Arts & Culture / Mosaic / January 29, 2020

Learning with ease: language tables

Learning a language from scratch, especially at the collegiate level, can be a daunting task. To make this learning less scary and more fun, the Modern Languages Department has set up informal language tables in order to help students practice in a group setting with professors over lunch in the Caf.

Todd Heidt, a German professor who is one of the professors at Deutscher Tisch (German Table), explained that students who eat at the tables learn to speak much more naturally because of the conversations informality compared to a classroom setting.

“It’s a nice opportunity to have a normal conversation. It is often where students will ask how to do those little fillers, like how do you say, ‘Oh you know what,’ or how do you say, “The other day IÉ’ I think we teach a very natural language in all of the programs, but sometimes just sitting down and needing to ask for the salt just does not come up in the book,” Heidt said.

Another benefit for the informality of practicing at the tables is that students find it less stressful by being away from the classroom and because it is often the student’s professors practicing with them.

“They are really helpful in starting conversations with you since usually you’re their students, they know what level you’re at, so they know what sort of things to ask you about. With the younger students they’ll just say, ‘Hello, how are you? What are you eating?’ But with some of the more advanced students, they’ll ask more personal questions. It feels a bit more personal that way than being in a class. I feel like I’m having a real conversation,” Waleed Khan, senior and a long-time eater at French Table said.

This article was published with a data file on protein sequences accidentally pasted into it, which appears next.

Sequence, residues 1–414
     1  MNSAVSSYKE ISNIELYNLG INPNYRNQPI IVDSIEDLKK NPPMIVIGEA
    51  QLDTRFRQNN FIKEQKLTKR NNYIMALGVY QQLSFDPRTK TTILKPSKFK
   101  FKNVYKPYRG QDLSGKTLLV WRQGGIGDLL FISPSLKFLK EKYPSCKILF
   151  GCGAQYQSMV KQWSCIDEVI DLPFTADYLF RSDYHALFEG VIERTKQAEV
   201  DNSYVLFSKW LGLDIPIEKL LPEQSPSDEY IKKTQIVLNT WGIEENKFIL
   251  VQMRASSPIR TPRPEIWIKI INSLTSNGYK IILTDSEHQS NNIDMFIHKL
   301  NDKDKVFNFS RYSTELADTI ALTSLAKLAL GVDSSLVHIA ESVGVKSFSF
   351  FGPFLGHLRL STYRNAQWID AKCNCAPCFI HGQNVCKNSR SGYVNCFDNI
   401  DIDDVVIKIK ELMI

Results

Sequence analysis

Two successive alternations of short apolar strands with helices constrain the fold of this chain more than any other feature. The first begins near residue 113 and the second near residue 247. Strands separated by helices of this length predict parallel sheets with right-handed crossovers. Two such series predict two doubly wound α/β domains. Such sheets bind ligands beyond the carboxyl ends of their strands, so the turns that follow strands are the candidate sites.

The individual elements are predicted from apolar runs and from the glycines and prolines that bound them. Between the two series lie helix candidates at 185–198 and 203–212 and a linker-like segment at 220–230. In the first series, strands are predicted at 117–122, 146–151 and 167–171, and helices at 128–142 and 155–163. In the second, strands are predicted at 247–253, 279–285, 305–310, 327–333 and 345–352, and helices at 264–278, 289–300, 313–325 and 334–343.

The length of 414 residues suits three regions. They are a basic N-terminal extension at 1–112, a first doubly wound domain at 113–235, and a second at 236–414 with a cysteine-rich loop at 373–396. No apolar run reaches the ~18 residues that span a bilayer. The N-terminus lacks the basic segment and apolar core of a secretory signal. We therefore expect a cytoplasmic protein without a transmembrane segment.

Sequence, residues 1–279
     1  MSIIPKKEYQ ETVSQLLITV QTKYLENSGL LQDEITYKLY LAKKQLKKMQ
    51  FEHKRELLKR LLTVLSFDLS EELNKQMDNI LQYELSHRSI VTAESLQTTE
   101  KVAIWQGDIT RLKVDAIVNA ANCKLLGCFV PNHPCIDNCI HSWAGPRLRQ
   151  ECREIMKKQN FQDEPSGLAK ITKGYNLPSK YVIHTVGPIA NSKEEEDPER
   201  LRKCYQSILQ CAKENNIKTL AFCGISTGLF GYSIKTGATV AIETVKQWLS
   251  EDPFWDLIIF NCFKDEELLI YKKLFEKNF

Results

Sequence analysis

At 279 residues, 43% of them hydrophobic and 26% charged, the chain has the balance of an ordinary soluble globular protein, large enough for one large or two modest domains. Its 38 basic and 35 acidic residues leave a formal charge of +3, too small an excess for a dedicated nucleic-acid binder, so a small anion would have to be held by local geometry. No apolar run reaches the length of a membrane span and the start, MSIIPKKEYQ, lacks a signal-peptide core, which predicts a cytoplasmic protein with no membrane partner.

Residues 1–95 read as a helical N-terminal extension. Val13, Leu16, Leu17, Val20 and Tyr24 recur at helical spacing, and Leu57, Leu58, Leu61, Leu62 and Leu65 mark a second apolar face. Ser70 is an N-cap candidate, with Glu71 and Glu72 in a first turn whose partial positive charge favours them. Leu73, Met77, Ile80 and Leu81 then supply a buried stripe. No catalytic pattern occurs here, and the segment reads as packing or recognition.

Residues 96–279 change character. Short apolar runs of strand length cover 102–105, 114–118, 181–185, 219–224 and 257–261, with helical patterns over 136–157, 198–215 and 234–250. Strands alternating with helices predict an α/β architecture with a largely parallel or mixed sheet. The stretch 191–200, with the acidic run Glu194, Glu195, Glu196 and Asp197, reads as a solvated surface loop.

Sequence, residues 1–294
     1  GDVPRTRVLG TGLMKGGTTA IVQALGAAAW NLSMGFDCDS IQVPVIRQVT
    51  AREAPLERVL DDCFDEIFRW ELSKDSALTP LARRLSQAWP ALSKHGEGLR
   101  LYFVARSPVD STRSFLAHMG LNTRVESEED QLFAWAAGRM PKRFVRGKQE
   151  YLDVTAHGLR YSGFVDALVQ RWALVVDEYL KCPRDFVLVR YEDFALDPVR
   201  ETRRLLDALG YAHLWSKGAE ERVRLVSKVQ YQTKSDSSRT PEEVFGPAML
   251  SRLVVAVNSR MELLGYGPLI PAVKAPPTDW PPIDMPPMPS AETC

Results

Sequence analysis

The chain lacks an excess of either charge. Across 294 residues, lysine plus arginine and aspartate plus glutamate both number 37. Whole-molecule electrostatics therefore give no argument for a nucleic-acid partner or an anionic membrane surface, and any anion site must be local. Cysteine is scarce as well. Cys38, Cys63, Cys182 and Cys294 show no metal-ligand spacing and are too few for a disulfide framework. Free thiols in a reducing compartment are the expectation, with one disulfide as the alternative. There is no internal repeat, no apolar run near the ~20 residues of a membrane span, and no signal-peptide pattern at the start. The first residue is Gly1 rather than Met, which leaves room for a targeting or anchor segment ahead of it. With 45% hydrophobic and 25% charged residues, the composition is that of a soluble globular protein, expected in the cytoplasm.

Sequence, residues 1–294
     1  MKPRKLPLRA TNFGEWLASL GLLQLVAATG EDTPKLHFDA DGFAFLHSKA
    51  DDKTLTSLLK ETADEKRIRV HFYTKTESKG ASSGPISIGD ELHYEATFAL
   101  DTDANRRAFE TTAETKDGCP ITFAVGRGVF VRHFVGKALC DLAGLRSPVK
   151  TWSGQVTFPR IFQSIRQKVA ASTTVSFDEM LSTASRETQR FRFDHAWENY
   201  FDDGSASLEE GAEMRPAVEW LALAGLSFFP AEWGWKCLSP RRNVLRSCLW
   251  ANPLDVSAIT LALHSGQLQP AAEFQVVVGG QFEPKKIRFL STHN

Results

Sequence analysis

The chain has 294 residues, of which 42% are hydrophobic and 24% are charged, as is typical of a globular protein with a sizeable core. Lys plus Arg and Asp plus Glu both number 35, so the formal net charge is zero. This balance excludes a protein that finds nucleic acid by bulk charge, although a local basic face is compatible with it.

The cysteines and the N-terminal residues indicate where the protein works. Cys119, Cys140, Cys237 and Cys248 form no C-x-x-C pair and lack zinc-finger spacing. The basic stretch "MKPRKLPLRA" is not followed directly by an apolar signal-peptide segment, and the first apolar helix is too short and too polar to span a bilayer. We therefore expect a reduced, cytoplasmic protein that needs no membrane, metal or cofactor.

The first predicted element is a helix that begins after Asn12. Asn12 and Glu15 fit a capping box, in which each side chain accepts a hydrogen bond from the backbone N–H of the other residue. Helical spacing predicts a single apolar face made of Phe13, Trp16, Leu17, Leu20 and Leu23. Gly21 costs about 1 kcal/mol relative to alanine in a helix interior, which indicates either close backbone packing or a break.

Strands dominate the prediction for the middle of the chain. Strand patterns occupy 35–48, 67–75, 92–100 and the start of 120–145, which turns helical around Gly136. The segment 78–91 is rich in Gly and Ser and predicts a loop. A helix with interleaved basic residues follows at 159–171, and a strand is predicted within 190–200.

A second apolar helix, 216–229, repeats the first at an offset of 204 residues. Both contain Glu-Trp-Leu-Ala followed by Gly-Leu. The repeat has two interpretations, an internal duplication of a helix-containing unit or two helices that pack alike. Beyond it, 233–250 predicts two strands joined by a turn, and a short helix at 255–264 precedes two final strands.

One of Heidt’s favorite parts about being part of the German table is seeing brand-new speakers realize how much they have improved at having conversations in a new language.

“We will get 100-levels who come and they’re usually pretty intimidated at first, but when they come and can kind of follow along and have some discussions outside of the classroom with real people all of a sudden it really cool right. It really dawns on them how much language they’ve really learned,” Heidt said.

The language tables do not just involve professors of the language and students, but also other staff members who want to practice. Once, the German table even had German High School exchange students coming from Galesburg High School which Heidt thought was invaluable for Knox German students.

“It’s just a great way to be on a college campus, far far away from a community of native German speakers to really take it out of the classroom and to really build up the confidence for students and show students that they’ve really learned a lot and can communicate and understand everything,” Heidt said.

Professors of the language tables try and keep the environment informal, inviting and friendly which for students like Khan is a big reason for coming back every week and continuing to improve.

“It’s a nice way to measure my progress because I can think back to my freshman year visits to the French Table and at that time I could barely speak the language, now it’s just much more fluid,” Khan said.

All language tables meet in the Oak Room between 12 p.m. and 1 p.m. French and German tables on Thursdays, Spanish Table meets on Tuesdays.

Alicia Olejniczak, Associate Mosaic Editor
Dmitri Chambers, Co-Mosaic Editor

Tags:  culture language language tables modern languages

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